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36 APPENDIX B Effectiveness Estimates for Twenty-Three Proven Countermeasures Class 1: Voluntary Action School Pedestrian Training for Children: Estimated effect 12% reduction in child pedestrian injuries (Blomberg, Preusser, Hale et al., 1983); applicable population: elementary school pedestrians; effects limited unless program is ongoing (low cost). The effect of this countermeasure is an estimated 12% reduction in child pedestrian injuries. Its primary target is school-aged children, which we define as children between 6 and 12 years of age. The pedestrian fatality-to-injury ratio will be used in all calculations. School-aged pedestrian fatalities represent 0.3% of all fatalities, resulting in an estimated 2 fatalities per state. As there are an estimated 31 injuries per fatality, the example state is estimated to have 57 child pedestrian injuries per year, for a total estimated cost of $3,750,385. School pedestrian training for children has an estimated 12% reduction in injuries, resulting in savings of $450,046. Table B1. Estimated savings for school pedestrian training countermeasure. Total fatalities 42,642 Child pedestrian fatalities (U.S.) 129 % total fatalities (U.S.) 0.303% Median fatalities (state) 600 Est. child ped. fatalities (state) 1.82 Pedestrian Death-to-Injury Ratio 31.43 ESTIMATED SAVINGS FOR AN EXAMPLE STATE No. $ Fatalities $ Injuries $ Total Fatalities 1.82 $ 2,025,338 School pedestrian training Injuries 57 $ 1,725,047 $ 3,750,385 Reduction Loss reduced by: 12% Fatalities 1.60 $ 1,782,298 Injuries 50.2 $ 1,518,041 $ 3,300,339 Savings $ 450,046 Booster Seat Promotions: Effect varies according to type of program and baseline use. Programs have involved education directed at children, parents, or physicians, delivered through traditional channels or via home visits; plus discounts for booster seat purchase. Increases in booster seat use have been reported: from 61 to 75%, 0 to 22%, 43 to 67%; 13 to 26% (Ehiri, King, Ejere et al., 2006). Durbin, Elliott, Winston et al. (2003) estimate a 59% reduction in injury for children in a booster seat rather than an adult seat belt; applicable population: children ages 4-8 not traveling in booster seats; effects limited to duration of program (medium cost). Booster seat promotions increase use by 13% and the effect of putting children in booster seats rather than adult seat belts is an estimated 59% reduction in injuries. Thus, this countermeasure reduces injuries by an estimated 8%. Its primary target is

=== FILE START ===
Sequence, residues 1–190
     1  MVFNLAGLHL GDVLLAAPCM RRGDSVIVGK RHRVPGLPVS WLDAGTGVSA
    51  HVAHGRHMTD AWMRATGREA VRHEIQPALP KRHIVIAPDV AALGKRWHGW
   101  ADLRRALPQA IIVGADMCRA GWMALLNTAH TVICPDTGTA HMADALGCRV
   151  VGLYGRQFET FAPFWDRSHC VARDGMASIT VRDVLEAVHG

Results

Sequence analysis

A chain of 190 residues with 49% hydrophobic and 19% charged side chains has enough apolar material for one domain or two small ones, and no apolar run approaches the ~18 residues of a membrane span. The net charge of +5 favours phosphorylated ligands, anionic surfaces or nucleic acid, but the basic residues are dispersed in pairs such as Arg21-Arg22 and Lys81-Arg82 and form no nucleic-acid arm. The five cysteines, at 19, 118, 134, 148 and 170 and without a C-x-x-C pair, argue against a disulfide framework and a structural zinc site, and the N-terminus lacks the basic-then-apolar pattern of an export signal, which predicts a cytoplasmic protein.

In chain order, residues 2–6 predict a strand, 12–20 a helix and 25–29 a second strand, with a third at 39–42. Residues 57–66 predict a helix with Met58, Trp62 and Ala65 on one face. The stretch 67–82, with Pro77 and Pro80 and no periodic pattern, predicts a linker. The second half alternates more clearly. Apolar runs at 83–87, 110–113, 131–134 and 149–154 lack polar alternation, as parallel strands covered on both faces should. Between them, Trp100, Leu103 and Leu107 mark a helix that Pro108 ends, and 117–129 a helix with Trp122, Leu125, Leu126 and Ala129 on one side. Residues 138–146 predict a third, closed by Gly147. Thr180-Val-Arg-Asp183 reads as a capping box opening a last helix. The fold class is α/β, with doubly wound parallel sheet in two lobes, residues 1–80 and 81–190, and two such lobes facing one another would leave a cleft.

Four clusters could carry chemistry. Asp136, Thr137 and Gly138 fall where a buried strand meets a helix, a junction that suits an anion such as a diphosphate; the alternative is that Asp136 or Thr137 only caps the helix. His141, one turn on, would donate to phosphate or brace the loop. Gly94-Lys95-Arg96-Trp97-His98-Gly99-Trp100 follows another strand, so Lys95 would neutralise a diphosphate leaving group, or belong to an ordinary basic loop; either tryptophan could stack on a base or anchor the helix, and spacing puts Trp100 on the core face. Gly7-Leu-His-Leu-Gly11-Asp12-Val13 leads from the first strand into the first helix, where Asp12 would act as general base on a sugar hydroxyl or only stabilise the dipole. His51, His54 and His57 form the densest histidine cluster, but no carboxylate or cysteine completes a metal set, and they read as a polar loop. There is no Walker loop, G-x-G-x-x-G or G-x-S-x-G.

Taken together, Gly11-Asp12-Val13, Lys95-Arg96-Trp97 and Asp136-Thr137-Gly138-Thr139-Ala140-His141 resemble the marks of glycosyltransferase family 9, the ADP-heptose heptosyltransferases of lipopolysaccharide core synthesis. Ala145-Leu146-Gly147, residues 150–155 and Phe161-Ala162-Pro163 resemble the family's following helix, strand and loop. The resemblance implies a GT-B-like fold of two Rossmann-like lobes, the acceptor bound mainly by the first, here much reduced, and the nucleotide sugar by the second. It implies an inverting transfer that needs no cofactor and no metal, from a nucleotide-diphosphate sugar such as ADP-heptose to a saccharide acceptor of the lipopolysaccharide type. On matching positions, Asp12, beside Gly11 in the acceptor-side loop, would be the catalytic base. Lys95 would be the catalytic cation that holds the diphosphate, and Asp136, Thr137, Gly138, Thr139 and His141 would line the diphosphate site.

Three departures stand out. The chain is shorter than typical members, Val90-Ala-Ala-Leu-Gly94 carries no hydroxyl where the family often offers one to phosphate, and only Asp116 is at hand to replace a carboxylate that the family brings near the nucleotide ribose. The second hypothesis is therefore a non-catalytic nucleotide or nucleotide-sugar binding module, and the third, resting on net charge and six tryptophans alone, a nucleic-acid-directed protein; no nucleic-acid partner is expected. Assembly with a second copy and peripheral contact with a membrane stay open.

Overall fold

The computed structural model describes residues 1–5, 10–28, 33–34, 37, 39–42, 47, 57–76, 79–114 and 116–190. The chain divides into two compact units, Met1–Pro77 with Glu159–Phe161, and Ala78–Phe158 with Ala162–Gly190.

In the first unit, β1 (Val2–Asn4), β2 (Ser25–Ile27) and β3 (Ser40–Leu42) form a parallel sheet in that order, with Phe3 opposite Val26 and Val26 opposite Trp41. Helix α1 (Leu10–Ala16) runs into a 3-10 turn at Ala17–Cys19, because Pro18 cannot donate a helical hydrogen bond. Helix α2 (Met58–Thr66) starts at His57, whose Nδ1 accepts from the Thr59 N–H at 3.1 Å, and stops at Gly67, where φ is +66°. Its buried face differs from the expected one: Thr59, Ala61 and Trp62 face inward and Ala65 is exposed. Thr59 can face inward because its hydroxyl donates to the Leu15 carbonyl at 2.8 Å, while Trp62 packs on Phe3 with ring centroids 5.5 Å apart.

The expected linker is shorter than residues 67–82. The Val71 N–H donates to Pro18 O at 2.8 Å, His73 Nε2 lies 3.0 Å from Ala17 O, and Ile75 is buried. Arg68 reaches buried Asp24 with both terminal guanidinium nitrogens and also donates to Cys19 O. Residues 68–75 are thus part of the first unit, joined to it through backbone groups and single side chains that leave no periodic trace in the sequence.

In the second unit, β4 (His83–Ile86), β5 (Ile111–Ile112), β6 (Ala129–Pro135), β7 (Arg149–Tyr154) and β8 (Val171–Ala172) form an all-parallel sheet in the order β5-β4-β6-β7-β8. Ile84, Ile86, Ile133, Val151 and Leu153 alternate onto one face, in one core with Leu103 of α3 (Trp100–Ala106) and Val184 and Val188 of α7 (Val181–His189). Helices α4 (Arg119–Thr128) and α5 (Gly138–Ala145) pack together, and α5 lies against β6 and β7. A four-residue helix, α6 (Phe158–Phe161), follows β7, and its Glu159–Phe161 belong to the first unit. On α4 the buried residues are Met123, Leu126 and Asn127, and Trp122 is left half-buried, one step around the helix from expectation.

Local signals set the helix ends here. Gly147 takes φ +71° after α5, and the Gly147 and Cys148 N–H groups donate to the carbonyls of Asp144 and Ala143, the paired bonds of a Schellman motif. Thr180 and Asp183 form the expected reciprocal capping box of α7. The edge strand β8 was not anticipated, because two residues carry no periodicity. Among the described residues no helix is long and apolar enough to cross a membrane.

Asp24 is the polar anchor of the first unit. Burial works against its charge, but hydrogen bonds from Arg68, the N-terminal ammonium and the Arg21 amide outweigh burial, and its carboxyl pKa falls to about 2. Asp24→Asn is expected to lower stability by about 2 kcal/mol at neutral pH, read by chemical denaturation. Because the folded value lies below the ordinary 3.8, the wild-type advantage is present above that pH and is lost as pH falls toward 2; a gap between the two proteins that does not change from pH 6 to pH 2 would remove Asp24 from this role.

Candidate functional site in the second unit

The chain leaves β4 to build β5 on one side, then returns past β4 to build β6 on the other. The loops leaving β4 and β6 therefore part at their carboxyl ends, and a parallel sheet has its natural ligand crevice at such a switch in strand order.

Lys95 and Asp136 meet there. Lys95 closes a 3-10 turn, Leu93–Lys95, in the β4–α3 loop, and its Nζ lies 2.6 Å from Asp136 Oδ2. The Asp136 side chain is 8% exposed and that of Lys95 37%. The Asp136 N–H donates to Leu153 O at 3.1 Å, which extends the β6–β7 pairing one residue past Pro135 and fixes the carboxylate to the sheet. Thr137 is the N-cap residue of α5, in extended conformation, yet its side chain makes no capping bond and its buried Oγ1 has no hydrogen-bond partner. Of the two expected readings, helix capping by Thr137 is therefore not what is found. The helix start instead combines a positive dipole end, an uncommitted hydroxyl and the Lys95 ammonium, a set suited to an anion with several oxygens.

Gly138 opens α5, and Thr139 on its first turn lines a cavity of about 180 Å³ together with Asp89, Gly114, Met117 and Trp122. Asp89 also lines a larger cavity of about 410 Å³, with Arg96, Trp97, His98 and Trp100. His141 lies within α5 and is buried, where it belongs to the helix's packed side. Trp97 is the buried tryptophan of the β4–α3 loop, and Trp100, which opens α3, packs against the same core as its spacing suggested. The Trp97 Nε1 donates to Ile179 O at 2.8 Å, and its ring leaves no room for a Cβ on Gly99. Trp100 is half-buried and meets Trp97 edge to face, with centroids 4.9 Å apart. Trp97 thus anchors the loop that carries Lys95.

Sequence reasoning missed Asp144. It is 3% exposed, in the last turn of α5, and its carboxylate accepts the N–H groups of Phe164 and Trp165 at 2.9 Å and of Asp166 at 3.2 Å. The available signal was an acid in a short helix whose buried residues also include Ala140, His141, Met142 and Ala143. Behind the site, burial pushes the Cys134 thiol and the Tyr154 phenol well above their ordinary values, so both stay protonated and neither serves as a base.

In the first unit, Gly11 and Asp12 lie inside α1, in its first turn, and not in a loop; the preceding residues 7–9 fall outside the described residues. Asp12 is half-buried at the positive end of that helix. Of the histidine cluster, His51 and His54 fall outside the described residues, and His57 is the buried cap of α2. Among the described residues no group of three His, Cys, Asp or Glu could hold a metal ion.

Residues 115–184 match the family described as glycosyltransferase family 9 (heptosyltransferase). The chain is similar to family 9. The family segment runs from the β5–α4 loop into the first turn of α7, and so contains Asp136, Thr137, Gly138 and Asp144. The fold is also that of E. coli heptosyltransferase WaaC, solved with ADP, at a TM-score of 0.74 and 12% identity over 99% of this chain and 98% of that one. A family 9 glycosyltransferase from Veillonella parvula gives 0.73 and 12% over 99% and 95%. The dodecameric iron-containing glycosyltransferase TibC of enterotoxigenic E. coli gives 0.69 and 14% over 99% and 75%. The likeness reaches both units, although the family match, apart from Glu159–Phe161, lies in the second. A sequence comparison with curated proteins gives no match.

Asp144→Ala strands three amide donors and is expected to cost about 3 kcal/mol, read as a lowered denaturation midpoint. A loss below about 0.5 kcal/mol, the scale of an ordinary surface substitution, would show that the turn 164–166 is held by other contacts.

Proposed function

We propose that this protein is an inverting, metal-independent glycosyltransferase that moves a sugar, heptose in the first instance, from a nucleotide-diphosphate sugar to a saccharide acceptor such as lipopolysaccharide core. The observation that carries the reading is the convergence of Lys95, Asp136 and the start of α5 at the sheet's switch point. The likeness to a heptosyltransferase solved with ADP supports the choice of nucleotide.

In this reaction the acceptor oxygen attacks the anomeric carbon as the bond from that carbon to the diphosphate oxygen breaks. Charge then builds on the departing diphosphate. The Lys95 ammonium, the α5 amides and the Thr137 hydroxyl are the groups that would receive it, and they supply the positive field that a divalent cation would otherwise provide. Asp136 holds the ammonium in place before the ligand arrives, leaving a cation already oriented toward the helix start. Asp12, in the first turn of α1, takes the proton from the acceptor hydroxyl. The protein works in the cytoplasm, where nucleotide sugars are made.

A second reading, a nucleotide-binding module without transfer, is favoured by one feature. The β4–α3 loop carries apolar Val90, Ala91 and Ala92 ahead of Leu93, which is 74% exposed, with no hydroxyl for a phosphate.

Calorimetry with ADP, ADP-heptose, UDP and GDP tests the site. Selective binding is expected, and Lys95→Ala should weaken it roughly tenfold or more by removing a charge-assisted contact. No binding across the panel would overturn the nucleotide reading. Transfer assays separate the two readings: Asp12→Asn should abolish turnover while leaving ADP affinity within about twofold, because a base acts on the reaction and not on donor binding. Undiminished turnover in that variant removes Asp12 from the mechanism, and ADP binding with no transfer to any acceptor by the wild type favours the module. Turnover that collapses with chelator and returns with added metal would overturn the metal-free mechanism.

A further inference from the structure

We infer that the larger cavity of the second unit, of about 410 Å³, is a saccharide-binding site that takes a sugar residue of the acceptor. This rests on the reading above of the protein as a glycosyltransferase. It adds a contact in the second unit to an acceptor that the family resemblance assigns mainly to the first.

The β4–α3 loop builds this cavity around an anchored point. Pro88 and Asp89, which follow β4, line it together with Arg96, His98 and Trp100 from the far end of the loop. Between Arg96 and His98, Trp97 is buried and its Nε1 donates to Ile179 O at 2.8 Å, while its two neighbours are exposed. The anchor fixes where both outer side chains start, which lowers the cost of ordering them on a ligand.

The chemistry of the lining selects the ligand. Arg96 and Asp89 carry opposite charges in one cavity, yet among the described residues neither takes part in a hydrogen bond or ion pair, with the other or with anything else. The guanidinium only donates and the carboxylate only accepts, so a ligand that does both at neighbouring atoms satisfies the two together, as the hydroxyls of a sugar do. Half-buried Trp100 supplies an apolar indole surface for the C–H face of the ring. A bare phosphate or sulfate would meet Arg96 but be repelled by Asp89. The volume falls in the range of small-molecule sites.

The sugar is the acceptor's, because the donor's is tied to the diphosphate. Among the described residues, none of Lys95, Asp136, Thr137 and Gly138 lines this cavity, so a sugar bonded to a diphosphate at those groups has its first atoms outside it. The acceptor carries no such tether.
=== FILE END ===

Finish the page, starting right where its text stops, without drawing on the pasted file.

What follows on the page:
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37 children between 4 and 8 not traveling in booster seats in passenger vehicles. The child occupant fatality-to-injury ratio will be used in all calculations. Children 4 to 8 not traveling in booster seats represent 0.6% of all fatalities, resulting in an estimated 4 fatalities per state. As there are an estimated 656 injuries per fatality, the example state is computed to have 2,530 injuries per year, for a total estimated cost of $80,794,661. Booster seat programs have an estimated 8% reduction in injuries, resulting in savings of $6,140,394. Table B2. Estimated savings for booster seat programs countermeasure. Total fatalities 42,642 Fatals child occ age 4-8 not in seat 274 % total fatalities 0.643% Median fatalities (state) 600 Est. children occ. 4-8 fatals (state) 3.86 Child occupants death-to-injury ratio 656.15 ESTIMATED SAVINGS FOR AN EXAMPLE STATE No. $ Fatalities $ Injuries $ Total Fatalities 3.86 $4,301,881 Booster seat programs Injuries 2,530 $76,492,780 $80,794,661 Reduction Loss reduced by: 8% Fatalities 3.56 $3,974,938 Injuries 2,337.4 $70,679,328 $74,654,266 Savings $ 6,140,394 Class 2: Laws, Regulations, Policies Bike Helmet Laws for Children: Grant and Rutner (2004) estimate a 15% reduction in child bicyclist fatalities attributable to bike helmet laws; applicable population: child bikers under age 12; permanent effects (medium cost). The effect of this countermeasure is an estimated 15% reduction in fatalities. Its primary target is bicyclists under the age of 12. The bicyclist fatality-to-injury ratio will be used in all calculations. Cyclists under age 12 not wearing a helmet represent 0.1% of all fatalities, resulting in an estimated 1 fatality per state. As there are an estimated 106 injuries per fatality, the example state is computed to have 91 injuries per year, for a total estimated cost of $3,719,434. Bike helmet laws for cyclists under age 12 have an estimated 15% reduction in fatalities, resulting in savings of $557,519. Table B3. Estimated savings for child bike helmet law countermeasure. Total fatalities 42,642 Bicyclists under 12, no helmet 61 % total fatalities 0.143% Median fatalities (state) 600 Est. child cyclist fatalities (state) 0.86 Cyclist death-to-injury ratio 106.41 ESTIMATED SAVINGS FOR AN EXAMPLE STATE No. $ Fatalities $ Injuries $ Total Fatalities 0.86 $ 957,718 Bike helmet law for children Injuries 91 $ 2,761,716 $ 3,719,434 Reduction Loss reduced by: 15% Fatalities 0.73 $ 814,060 Injuries 77.6 $ 2,347,459 $ 3,161,519 Savings $ 557,915